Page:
the planet. They might as well have said that a pressure of 36 psi
would have provided an even greater safety margin. Of course this is
true if you were only worried about substandard tires failing. Ford,
had to consider many other requirements. Based on Tire Industry
Standards, and Firestone's own data, Ford felt that the 26 psi
recommendation was the correct one. Even Firestone explicitly admits
that the 26 psi recommendation was safe. According to their own
testimony, the tires would have to be under inflated by 7 psi before
they were unsafe. As has been pointed out many times before, Goodyear
tires inflated to the same pressure recommendation had very few
While I certainly agree that you should by good quality tires, I
strongly disagree with your claim that Ford spec'd tires so close to
the axle weight limit. As I pointed out above the tires and pressures
specified for the Explorer should have been just fine with very large
safety margins (and the Goodyear tires were). I agree Ford can be
blamed for installing Firestone tires, given Firestone's history of
making crummy tires (Radial 500, 721, etc.), but it wasn't the
pressure specification that was faulty, it was the tires.
The problem is that most consumers have no idea where to get a copy of
the load/inflation pressure tables. I have a copy of the industry
standard tables, but most people don't. Most tire stores do, but I've
yet to see a consumer ask for a copy.
people who argue the merits based on what car or brand name they support.
The facts are this: Anytime an emergency maneuver is required to avoid
something it is simply a thoughtless reaction.
In most cases the initial reaction requires a corrective action and the
vehicle is not in a normal attitude when this happens so all those
wonderful trick show techniques and center of gravity arguments are
The fact is SUVs,Jeeps,and Trucks have a much higher tendency to roll in
these circumstances than the average car.
As Mike always says you can believe anything you want.
Not necessarily. Plus, one is able to perform the maneuver much better
and more safely with experience (just ask Jeff Gordon and Jeff Burton
who tend to do these quite frequently at higher speeds than you or I
Regardless of whether it is a planned or not, gravity and laws of
physics still apply.
They really ought to insist on much more 'emergency driving'
training before you get your license in the USA, but they won't
because it would be way too expensive.
At a bare minimum they should take all drivers out in a special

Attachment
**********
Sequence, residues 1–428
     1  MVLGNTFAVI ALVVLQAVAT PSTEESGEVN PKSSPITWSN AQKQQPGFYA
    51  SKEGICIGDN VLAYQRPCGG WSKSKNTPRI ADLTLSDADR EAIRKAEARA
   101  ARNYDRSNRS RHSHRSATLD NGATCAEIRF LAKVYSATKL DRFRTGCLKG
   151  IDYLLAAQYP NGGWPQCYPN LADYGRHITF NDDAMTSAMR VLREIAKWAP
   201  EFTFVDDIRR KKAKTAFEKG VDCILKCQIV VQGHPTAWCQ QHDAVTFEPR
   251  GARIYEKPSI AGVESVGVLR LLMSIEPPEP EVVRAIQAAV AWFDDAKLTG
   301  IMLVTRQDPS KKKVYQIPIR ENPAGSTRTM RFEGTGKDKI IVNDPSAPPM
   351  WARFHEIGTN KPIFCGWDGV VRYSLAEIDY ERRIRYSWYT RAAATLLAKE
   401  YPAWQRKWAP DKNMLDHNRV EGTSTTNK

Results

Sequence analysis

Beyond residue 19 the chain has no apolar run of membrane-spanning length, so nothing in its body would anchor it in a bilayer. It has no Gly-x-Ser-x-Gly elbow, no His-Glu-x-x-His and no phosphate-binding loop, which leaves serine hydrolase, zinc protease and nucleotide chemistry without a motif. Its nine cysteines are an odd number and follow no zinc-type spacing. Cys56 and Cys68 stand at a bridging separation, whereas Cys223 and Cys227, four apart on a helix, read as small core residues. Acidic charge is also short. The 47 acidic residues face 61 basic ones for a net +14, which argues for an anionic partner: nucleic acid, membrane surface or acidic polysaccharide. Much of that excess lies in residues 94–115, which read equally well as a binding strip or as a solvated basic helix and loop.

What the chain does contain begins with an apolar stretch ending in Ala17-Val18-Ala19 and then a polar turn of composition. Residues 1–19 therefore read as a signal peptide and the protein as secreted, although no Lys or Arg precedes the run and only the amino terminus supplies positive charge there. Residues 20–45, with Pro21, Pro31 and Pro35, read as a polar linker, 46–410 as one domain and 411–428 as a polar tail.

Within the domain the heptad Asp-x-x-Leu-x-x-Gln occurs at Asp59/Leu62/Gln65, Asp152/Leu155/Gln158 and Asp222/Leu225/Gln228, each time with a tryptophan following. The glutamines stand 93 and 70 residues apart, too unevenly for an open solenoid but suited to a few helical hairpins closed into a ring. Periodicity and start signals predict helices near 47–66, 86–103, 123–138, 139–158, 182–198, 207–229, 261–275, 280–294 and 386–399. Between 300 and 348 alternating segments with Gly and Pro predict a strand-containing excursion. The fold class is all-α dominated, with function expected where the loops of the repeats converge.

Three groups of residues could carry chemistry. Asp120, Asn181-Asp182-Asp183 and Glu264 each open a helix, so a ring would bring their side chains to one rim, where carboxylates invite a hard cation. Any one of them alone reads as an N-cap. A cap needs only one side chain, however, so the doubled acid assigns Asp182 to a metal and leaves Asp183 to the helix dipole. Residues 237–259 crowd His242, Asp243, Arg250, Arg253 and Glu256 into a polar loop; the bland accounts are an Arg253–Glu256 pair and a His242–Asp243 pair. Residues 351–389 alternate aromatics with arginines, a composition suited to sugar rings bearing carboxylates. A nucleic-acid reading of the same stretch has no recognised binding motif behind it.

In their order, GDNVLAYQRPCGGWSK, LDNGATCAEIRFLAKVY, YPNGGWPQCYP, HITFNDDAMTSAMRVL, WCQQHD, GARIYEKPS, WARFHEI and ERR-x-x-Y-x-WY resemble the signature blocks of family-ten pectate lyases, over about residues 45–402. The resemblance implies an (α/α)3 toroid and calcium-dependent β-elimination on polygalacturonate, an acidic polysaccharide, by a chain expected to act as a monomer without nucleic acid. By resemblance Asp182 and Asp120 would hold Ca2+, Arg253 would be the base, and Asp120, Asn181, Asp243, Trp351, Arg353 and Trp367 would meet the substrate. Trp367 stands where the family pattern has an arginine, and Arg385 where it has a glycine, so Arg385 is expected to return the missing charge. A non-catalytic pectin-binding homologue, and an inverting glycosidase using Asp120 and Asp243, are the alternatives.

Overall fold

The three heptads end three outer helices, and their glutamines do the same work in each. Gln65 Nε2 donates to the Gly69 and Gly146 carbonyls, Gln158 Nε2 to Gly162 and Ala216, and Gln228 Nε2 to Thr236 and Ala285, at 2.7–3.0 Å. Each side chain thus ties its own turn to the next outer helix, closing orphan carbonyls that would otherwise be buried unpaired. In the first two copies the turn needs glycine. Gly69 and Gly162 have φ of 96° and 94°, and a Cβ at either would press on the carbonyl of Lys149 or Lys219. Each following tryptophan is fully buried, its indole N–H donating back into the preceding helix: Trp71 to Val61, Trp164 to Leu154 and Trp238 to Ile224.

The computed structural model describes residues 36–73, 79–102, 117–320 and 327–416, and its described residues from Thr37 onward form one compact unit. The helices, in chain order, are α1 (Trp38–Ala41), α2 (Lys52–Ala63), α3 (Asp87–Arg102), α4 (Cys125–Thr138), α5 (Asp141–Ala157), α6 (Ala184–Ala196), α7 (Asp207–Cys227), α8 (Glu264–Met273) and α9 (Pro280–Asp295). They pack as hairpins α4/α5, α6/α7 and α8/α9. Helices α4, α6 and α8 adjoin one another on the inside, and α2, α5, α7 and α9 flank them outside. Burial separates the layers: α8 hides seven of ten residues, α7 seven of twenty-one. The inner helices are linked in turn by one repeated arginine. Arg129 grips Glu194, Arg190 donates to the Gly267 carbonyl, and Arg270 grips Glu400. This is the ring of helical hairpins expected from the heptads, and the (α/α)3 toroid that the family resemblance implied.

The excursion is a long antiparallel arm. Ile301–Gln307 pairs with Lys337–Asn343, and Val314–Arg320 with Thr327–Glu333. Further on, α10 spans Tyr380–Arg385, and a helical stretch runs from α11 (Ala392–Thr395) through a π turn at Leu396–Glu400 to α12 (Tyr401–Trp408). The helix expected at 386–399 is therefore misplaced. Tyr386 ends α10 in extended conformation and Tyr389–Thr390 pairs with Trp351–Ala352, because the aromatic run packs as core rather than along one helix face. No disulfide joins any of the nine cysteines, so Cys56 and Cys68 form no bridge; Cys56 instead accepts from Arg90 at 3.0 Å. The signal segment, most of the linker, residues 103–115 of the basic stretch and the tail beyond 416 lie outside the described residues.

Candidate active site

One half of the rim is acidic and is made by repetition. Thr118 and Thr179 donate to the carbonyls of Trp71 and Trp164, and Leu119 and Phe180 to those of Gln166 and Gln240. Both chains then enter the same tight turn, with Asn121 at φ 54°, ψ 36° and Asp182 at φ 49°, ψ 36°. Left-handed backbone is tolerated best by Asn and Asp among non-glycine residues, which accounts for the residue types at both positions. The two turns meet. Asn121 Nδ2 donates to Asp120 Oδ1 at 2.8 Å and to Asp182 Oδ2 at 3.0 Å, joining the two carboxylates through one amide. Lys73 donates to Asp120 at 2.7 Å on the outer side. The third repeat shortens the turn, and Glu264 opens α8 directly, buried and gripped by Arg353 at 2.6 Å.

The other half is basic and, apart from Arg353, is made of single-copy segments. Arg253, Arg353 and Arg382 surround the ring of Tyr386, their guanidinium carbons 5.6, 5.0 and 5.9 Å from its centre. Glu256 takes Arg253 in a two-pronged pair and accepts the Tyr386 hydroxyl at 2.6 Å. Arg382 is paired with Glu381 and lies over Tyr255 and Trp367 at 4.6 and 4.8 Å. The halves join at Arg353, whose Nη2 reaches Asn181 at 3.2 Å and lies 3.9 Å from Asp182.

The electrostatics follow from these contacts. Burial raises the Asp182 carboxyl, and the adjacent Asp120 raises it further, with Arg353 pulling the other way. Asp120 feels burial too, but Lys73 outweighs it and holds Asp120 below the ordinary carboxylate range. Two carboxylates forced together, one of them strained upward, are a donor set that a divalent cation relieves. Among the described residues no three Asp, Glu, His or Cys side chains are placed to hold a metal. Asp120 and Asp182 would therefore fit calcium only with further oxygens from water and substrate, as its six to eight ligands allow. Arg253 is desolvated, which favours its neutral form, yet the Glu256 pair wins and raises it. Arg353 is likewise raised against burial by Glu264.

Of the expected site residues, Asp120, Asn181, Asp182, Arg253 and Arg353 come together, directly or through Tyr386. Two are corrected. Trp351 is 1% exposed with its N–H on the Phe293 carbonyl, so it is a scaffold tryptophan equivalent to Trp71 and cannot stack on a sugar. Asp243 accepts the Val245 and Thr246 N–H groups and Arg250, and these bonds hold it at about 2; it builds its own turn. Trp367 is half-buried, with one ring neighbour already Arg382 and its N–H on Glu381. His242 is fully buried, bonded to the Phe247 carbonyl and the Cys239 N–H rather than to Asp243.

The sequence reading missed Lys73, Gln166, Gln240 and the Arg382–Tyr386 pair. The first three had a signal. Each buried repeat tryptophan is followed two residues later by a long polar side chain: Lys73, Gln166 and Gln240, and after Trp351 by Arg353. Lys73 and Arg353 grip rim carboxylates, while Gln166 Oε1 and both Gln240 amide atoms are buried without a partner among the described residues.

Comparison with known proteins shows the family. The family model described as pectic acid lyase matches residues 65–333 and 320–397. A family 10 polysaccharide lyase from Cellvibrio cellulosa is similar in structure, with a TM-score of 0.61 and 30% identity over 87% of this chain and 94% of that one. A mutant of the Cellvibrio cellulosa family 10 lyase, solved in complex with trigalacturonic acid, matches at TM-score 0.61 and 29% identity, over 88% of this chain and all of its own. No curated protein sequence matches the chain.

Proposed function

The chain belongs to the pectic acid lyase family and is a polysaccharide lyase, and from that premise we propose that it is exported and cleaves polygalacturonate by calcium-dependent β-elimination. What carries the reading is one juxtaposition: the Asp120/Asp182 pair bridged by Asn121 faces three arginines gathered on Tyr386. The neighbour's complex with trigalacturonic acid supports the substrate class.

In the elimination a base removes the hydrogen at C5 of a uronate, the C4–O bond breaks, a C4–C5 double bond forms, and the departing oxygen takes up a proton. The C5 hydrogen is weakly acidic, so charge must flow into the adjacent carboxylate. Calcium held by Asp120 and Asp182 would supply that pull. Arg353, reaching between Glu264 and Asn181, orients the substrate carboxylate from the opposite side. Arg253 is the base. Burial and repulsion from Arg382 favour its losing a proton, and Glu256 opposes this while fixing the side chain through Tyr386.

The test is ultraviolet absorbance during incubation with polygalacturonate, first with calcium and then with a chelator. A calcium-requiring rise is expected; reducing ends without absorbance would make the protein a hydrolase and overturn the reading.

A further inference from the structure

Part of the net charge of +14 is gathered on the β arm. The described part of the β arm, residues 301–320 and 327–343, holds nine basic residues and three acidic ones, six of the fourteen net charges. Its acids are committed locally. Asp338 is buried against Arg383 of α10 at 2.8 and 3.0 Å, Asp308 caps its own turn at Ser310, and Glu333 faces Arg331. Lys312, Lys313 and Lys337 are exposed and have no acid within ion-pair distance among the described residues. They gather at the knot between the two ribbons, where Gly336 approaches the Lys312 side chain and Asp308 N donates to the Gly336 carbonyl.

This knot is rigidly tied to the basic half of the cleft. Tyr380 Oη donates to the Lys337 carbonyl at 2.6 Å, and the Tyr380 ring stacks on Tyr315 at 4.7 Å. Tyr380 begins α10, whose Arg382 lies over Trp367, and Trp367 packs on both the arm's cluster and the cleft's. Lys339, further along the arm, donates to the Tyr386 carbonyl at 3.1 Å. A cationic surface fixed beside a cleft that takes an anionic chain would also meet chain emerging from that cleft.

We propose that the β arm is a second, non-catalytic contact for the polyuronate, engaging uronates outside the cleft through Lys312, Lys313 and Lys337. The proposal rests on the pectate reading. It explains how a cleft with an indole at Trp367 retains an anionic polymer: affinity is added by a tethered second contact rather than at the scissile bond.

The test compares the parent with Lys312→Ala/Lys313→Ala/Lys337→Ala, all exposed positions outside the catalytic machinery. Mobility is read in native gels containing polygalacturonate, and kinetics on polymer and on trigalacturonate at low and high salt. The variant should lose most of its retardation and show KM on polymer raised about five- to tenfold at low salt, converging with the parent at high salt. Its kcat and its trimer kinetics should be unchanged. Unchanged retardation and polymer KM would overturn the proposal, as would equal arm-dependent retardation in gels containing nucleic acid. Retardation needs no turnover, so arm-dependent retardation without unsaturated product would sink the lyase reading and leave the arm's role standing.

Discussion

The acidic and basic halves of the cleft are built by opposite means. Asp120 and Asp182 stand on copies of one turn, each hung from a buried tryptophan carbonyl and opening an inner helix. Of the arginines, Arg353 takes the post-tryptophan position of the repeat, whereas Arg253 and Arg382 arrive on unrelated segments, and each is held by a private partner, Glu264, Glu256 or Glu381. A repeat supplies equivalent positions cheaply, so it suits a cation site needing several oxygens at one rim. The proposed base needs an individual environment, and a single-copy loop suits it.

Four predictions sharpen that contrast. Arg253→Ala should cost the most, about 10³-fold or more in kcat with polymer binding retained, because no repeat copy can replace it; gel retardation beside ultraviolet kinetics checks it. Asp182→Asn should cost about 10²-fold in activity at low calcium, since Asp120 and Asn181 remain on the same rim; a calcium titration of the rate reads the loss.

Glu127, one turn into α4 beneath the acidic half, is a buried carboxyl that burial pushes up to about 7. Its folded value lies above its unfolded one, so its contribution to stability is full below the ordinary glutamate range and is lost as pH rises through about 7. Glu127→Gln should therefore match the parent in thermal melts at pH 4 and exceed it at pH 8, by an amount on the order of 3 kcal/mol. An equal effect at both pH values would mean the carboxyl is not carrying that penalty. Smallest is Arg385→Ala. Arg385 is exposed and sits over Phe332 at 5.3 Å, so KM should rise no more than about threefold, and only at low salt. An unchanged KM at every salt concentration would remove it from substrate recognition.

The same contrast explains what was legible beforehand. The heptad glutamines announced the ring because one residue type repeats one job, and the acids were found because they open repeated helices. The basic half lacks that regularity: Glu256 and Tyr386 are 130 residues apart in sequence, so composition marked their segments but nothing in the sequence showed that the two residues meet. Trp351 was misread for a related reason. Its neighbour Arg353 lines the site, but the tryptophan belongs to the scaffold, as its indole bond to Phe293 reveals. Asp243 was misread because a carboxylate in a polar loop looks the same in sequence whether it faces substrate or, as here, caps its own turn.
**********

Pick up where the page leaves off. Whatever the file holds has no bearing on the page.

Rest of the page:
"Skid Car" that has adjustable outrigger wheels at all four corners so
they can reduce the road grip to near zero on command. Northern areas
this can be done on any flat parking lot with a little water and some
cold weather, in southern states you make a flooded skid-pad area out
of glass-smooth concrete. Learn how to manage and recover from skids
Or put students in a Go-Kart and learn power-slides there.
A "Reaction Course" - the classic four or five lanes with traffic
lights above them and cones to show the errors. You boogie down the
road at 40 and all of a sudden your lane and the ones to the left go
red - you better manage a clean lane change to the right in a hurry,
or you just hit the 'obstacle'.
And if they all go red, you better be able to get stopped in a
straight line, or brake while retaining control to make that lane
change. Pity this skill has been rendered partly obsolete by ABS,
which is why the training car does NOT have it. ;-)
And they should take you through the physics of vehicle dynamics,
and the physics when you add in a trailer to the mix - even if you
never do it, you should know the concepts. How to react to a blowout,
to getting one wheel off the road and into a ditch - without
overcorrecting and rolling. Etcetera, etcetera, etcetera.
--<< Bruce >>--
Some of these replies are interesting and truthful. Some of them are
people shooting from the hip.
I agree, however, that the trial lawyers were behind a lot of this.
What was interesting was that the lawyers from U-Haul
even got into this. I remember reading one time that U-Haul would not
allow anybody to rent any of their trailers if the person wished to
pull it behind an Explorer. However, you could come in with your
Mercury Mountaineer and they would allow the rental to leave behind
it. Do they still have this rule?
FWIW, my sister had an Explorer with these Factory Firestone tires on
them. About a month after purchasing new tires, the recall came out.
If only she had waited another month........
Oh well. I bet the tire dealer got a bunch of free Firestone tires
after scrounging out back through the piles of tires and looking for
the size of Firestones that were on the Explorers.
Yes they were. (and I have the carpal tunnel syndrome to prove
it ;) )
He was referring to people scrounging up pre-recall takeoffs and
turning them in for replacement under the recall. I'm sure it may have
happened, but not on a large scale. Most tire dealers don't have big
piles of takeoffs laying around anymore.